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Process analysis of regional ozone formation over the Yangtze River Delta, China using the Community Multi-scale Air Quality modeling system

by L. Li, C. H. Chen, C. Huang, H. Y. Huang, G. F. Zhang, Y. J. Wang, H. L. Wang, S. R. Lou, L. P. Qiao, M. Zhou, M. H. Chen, Y. R. Chen, D. G. Streets, J. S. Fu, C. J. Jang show all authors
Atmospheric Chemistry and Physics ()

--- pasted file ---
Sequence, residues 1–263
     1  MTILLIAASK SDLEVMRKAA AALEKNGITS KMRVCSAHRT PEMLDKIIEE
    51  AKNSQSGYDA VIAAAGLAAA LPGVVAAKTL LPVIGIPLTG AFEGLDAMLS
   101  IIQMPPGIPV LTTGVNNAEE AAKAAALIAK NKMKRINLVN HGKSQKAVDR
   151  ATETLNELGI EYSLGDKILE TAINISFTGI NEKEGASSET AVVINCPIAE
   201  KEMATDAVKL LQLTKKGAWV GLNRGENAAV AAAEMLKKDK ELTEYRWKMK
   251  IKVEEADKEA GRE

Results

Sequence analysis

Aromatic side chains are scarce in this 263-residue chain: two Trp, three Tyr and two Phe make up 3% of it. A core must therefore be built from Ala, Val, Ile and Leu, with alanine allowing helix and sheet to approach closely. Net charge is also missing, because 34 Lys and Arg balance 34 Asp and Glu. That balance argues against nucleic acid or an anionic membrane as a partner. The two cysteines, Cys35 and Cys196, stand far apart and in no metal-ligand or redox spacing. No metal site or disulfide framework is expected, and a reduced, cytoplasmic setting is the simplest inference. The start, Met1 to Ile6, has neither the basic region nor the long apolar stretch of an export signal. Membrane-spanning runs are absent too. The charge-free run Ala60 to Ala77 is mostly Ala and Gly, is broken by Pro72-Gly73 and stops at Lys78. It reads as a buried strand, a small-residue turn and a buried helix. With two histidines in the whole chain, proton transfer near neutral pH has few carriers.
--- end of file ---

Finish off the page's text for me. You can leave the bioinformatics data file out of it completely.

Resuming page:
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A high O-3 episode was detected in urban Shanghai, a typical city in the Yangtze River Delta (YRD) region in August 2010. The CMAQ integrated process rate method is applied to account for the contribution of different atmospheric processes during the high pollution episode. The analysis shows that the maximum concentration of ozone occurs due to transport phenomena, including vertical diffusion and horizontal advective transport. Gas-phase chemistry producing O-3 mainly occurs at the height of 300-1500 m, causing a strong vertical O-3 transport from upper levels to the surface layer. The gas-phase chemistry is an important sink for O-3 in the surface layer, coupled with dry deposition. Cloud processes may contribute slightly to the increase of O-3 due to convective clouds or to the decrease of O-3 due to scavenging. The horizontal diffusion and heterogeneous chemistry contributions are negligible during the whole episode. Modeling results show that the O-3 pollution characteristics among the different cities in the YRD region have both similarities and differences. During the buildup period, the O-3 starts to appear in the city regions of the YRD and is then transported to the surrounding areas under the prevailing wind conditions. The O-3 production from photochemical reaction in Shanghai and the surrounding area is most significant, due to the high emission intensity in the large city; this ozone is then transported out to sea by the westerly wind flow, and later diffuses to rural areas like Chongming island, Wuxi and even to Nanjing. The O-3 concentrations start to decrease in the cities after sunset, due to titration of the NO emissions, but ozone can still be transported and maintain a significant concentration in rural areas and even regions outside the YRD region, where the NO emissions are very small.

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